Distance-selling relating to goods occurs when a business sells and delivers goods to private individuals in another member state – most commonly through an e-commerce website or a mail order service. Until the distance selling threshold of the country where the goods are being sent is exceeded, the business must account for VAT in the country in which they are based. However, when they exceed the distance-selling threshold of the member state where the goods are being sent, a VAT registration is required and they must start charging local VAT. This creates a liability to complete local VAT returns and possibly Intrastat reports.
4. What if I sell services to business customers?
The General Rule which came into effect from 1 January 2010 for B2B supplies stipulates that services are subject to VAT where the customer is established. VAT is accounted for by the customer applying the reverse charge and, in cases like this, there is no requirement for supplier to be registered in other member state, but there is a need to meet invoicing and reporting requirements. However, there are exceptions to the General Rule. Some of these include:
• Services related to land or immovable property
• Admission to cultural, artistic, sporting, scientific, educational, entertainment services or similar services
• Passenger transport
• Restaurant and catering services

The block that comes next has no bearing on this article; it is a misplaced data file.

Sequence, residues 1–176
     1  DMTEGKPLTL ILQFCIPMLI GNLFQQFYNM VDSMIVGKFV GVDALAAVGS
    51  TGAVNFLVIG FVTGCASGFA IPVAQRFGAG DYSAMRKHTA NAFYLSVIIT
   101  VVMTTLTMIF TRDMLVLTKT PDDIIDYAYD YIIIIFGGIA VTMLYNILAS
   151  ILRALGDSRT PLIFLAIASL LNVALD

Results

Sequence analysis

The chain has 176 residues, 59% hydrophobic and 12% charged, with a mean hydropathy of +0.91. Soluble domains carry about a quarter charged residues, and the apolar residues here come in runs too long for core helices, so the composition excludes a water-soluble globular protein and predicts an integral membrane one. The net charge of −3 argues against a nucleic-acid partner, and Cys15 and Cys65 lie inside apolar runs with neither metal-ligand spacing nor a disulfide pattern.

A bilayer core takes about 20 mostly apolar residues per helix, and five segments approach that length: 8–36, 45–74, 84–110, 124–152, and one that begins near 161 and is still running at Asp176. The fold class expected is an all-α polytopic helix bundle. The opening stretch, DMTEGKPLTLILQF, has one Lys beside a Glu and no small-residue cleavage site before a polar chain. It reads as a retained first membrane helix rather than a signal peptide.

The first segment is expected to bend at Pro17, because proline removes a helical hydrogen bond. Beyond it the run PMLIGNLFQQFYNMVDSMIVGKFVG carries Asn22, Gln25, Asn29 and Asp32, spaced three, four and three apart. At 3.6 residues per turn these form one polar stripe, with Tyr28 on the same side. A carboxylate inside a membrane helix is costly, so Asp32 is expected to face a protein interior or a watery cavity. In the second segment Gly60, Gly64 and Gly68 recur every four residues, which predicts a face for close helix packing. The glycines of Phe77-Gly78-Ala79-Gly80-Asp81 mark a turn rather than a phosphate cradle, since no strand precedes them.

• Short-term hire of means of transport ( < 30 days)
5. What if I sell services to private customers?
The General Rule for B2C supplies states that VAT is charged where supplier is established. There are the same exceptions as for B2B transactions with a few extras, including:
• Acting as undisclosed agent for supplier
• Transport of goods
• Work on goods
• Ancillary transport services.
6. Will I always have to be registered if the place of supply is in another member state?
Some member states have implemented legislation to avoid non-residents having to register. This transfers liability to account for VAT from supplier to customer. If it applies, the supplier may not be required to register for VAT, although in some member states the supplier cannot register; there is a need to appreciate that the rules differ hugely between member states.
7. How do I recover foreign VAT if I can’t get a VAT registration?